TV Rewind: The Distinctly Gorgeous Faces of Boardwalk Empire

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TV Rewind: The Distinctly Gorgeous Faces of <i>Boardwalk Empire</i>

Editor’s Note: Welcome to our TV Rewind column! The Paste writers are diving into the streaming catalogue to discuss some of our favorite classic series as well as great shows we’re watching for the first time. Come relive your TV past with us, or discover what should be your next binge watch below:

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I first dove into HBO’s Boardwalk Empire around the time it was airing during the 2010s, and recently dove back in for a revisit a few months ago. In college, when I was at the peak of my obsession with the series, I could not stop talking about, thinking about, tweeting about, and most importantly blogging on Tumblr about Boardwalk Empire. I was completely taken by the period drama, a revolving door of familiar lead and supporting actors, woven into a multilayered journey throughout 1920s Atlantic City. There, gangsters and politicians (often one and the same) rub shoulders and make plays for power, as illegal alcohol and drugs are carted through and the feds stay close on their tail. What struck me the most in my second watch was less the story and characters, which are rich and routinely gripping, but the sheer beauty and eclecticism of the expansive, character actor-centric cast—something that undoubtedly played into my zealotry when I first became fanatical about a Prohibition-era crime drama as a teenager.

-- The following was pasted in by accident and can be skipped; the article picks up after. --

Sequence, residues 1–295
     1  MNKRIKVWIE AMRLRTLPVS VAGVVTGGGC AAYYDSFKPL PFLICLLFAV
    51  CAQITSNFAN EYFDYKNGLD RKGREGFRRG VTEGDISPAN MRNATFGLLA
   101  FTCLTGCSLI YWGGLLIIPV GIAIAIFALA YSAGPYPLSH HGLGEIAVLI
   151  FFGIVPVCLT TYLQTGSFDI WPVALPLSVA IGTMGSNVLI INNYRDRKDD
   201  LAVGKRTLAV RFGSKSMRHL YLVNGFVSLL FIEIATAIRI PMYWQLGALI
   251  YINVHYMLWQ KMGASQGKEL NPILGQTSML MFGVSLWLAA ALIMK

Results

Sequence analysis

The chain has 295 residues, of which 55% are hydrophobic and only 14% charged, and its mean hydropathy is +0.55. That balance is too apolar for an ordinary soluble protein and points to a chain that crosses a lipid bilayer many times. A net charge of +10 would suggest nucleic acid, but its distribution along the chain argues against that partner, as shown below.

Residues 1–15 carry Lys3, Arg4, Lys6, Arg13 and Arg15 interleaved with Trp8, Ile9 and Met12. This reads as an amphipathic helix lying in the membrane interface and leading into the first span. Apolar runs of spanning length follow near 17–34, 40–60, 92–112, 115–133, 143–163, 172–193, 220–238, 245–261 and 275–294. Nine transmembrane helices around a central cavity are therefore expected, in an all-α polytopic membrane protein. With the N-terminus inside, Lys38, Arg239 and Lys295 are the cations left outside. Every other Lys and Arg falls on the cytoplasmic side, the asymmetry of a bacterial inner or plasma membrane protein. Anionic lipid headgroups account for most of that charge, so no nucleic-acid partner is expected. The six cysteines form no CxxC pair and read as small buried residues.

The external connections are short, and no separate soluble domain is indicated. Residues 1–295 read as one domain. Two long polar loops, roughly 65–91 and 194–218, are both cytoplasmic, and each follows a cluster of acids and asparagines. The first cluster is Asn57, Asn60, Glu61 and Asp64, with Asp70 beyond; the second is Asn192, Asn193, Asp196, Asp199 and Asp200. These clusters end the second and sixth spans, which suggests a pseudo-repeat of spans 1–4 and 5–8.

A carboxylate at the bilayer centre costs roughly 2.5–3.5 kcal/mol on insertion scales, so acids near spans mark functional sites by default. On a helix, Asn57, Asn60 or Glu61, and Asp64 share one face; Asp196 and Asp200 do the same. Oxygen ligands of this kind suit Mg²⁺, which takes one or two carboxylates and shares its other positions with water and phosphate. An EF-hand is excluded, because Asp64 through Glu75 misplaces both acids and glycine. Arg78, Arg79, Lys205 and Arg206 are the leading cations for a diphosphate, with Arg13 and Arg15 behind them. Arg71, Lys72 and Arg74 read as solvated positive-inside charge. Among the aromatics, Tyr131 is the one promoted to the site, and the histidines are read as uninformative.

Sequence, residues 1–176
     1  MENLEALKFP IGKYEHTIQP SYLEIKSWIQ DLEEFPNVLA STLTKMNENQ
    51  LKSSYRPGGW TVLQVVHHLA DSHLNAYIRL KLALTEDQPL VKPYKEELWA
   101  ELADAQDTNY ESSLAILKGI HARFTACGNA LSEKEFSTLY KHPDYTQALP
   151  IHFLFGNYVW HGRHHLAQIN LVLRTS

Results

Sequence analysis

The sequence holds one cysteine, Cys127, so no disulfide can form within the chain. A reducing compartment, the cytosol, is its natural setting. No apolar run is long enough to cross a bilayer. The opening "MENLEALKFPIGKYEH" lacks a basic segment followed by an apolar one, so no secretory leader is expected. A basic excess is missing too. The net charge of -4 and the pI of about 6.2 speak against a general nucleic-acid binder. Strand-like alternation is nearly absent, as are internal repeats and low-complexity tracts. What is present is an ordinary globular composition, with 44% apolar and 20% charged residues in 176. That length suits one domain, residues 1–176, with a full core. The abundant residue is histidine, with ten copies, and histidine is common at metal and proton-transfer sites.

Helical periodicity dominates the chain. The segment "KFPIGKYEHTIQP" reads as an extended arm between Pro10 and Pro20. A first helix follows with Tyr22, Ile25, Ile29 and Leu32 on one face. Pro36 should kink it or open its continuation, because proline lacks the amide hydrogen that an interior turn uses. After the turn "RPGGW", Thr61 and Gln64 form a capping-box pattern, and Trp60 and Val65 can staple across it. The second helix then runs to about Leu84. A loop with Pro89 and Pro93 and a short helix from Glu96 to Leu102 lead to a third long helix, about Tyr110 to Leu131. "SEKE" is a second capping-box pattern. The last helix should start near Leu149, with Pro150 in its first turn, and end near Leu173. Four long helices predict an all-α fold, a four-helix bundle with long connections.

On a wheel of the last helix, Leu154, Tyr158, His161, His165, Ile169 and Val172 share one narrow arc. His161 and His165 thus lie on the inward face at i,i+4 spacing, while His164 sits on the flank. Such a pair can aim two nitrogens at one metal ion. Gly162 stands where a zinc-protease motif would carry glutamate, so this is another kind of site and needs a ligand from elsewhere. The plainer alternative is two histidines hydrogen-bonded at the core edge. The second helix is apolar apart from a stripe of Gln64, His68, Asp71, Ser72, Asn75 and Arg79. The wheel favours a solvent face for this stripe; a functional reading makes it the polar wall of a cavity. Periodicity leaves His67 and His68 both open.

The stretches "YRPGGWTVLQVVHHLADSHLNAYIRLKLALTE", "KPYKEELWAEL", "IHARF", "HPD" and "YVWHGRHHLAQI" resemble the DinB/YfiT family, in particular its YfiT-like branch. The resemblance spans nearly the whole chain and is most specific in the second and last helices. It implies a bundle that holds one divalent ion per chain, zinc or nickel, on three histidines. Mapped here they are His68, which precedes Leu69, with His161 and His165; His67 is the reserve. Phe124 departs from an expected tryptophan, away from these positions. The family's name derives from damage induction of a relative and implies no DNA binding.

Prolific character actor Steve Buscemi plays what could be defined (at least, for a little while) as the series lead, Nucky Thompson. Thompson is loosely based on the real-life Enoch L. Johnson, a corrupt political figure and crime boss in Atlantic City, New Jersey during the early 20th century. Throughout the series, we follow the various people in Nucky’s personal and professional orbit, which often includes actors playing fictional interpretations of real-life historical figures, like Stephen Graham as Al Capone, or Michael Zegen as Benjamin Siegel. There’s Nucky’s war-torn protégé, Jimmy Darmody (Michael Pitt), Jimmy’s wife Angela (Aleksa Palladino), and his very young mother, Gillian (Gretchen Mol). Nucky’s brother and Atlantic City sheriff, Eli (Shea Whigham), and the New York gangsters doing business with Nucky, Arnold Rothstein (Michael Stuhlbarg), Lucky Luciano (Vincent Piazza), and Meyer Lansky (Anatol Yusef). The Black Atlantic City gangsters Nucky regularly works with, led by Chalky White (Michael K. Williams), and the Prohibition Agent investigating Nucky, Nelson Van Alden (Michael Shannon). Naturally, these are only a handful of the people and narratives interlaced across the series’ five seasons arc.